• How does caffeine work to wake us up: caffeine is a psychoactive stimulant that increases dopamine and blocks adenosine (which makes us sleepier)

  • Caffeine crash: when coming down from caffeine, you lose the effects of caffeine, and the level of adenosine you suppressed comes rushing in

  • The dose and timing of coffee is what makes it helpful or harmful

  • The half-life of coffee is 5-6 hours depending on liver enzyme

  • Even if you don’t feel the effects of late caffeine intake on sleep, cycles will likely be disrupted – particularly deep sleep

  • You might fall asleep and stay asleep well, but increase caffeine intake the next day because you don’t feel rested

  • Suggestion for last caffeine intake: 8-10 hours from the time you would like to sleep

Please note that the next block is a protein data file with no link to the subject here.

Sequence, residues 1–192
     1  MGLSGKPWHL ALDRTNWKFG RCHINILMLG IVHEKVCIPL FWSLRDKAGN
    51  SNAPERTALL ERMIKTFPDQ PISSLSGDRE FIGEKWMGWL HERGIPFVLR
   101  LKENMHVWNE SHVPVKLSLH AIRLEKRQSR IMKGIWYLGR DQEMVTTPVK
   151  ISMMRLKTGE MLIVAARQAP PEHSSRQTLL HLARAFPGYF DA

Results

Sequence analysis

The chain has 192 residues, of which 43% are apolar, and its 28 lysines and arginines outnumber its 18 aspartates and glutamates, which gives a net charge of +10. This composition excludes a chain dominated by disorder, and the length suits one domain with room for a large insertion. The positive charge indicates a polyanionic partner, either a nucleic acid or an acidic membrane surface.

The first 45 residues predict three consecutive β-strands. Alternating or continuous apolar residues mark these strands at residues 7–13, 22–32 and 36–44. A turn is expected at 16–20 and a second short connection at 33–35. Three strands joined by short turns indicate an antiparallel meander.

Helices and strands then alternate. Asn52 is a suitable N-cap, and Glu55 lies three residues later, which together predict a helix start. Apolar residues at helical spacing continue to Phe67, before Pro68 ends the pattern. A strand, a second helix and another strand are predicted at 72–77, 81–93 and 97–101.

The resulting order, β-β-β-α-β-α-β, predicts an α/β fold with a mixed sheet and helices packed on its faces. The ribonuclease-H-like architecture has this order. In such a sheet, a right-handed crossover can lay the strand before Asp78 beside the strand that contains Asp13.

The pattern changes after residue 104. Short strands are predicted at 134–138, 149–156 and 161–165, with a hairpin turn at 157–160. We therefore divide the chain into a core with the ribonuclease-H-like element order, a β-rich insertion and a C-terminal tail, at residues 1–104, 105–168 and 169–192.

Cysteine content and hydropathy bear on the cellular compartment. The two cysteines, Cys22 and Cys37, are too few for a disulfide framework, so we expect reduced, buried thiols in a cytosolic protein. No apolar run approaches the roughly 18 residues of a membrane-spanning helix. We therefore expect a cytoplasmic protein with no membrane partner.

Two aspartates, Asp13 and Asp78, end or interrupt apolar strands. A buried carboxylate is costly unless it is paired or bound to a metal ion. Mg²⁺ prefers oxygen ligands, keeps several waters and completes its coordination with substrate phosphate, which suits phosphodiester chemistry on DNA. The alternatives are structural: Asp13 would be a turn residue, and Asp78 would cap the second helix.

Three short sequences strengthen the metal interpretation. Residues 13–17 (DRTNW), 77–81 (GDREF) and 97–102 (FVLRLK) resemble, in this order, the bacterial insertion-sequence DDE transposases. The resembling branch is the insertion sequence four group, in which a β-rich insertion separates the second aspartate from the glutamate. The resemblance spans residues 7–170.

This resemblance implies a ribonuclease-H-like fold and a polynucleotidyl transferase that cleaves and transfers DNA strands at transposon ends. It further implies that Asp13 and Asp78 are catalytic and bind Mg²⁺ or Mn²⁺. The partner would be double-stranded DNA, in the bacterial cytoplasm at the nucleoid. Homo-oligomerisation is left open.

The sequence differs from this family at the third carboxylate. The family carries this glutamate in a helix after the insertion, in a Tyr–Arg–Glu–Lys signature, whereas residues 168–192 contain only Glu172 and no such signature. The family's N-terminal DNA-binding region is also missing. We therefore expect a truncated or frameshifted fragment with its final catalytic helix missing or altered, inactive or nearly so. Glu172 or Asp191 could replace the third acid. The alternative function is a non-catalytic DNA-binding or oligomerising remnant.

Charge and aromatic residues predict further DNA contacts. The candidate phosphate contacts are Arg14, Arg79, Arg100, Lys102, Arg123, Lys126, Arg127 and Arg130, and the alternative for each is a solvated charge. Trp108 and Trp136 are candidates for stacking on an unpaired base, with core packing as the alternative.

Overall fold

Alcohol

  • Alcohol is a sedative but not a sleep-aid

  • People tend to turn to a “nightcap” or evening drink to help them fall asleep and turn off thoughts and planning

  • Negative impacts of alcohol on sleep:

  • You lose consciousness quicker but are not achieving quality sleep

  • Alcohol fragments sleep so you will wake up many times throughout and will not have continuous sleep

  • Alcohol is a potent REM sleep blocker


  • Even one single glass of wine with dinner will reduce REM sleep time and can even cause declines in growth hormone release over time

  • Timing (e.g., day drinking) and dose make a difference with alcohol but specifics are unknown

Marijuana And CBD

  • Marijuana disrupts sleep

  • Marijuana consists of THC and CBD (non-psychoactive components)

  • Like alcohol, THC blocks REM sleep – when you stop marijuana/THC, REM sleep will resume and even try to regain lost REM sleep

  • Another concern about using THC for sleep is withdrawal dependency which induces significant rebound insomnia

  • CBD levels are often misreported on label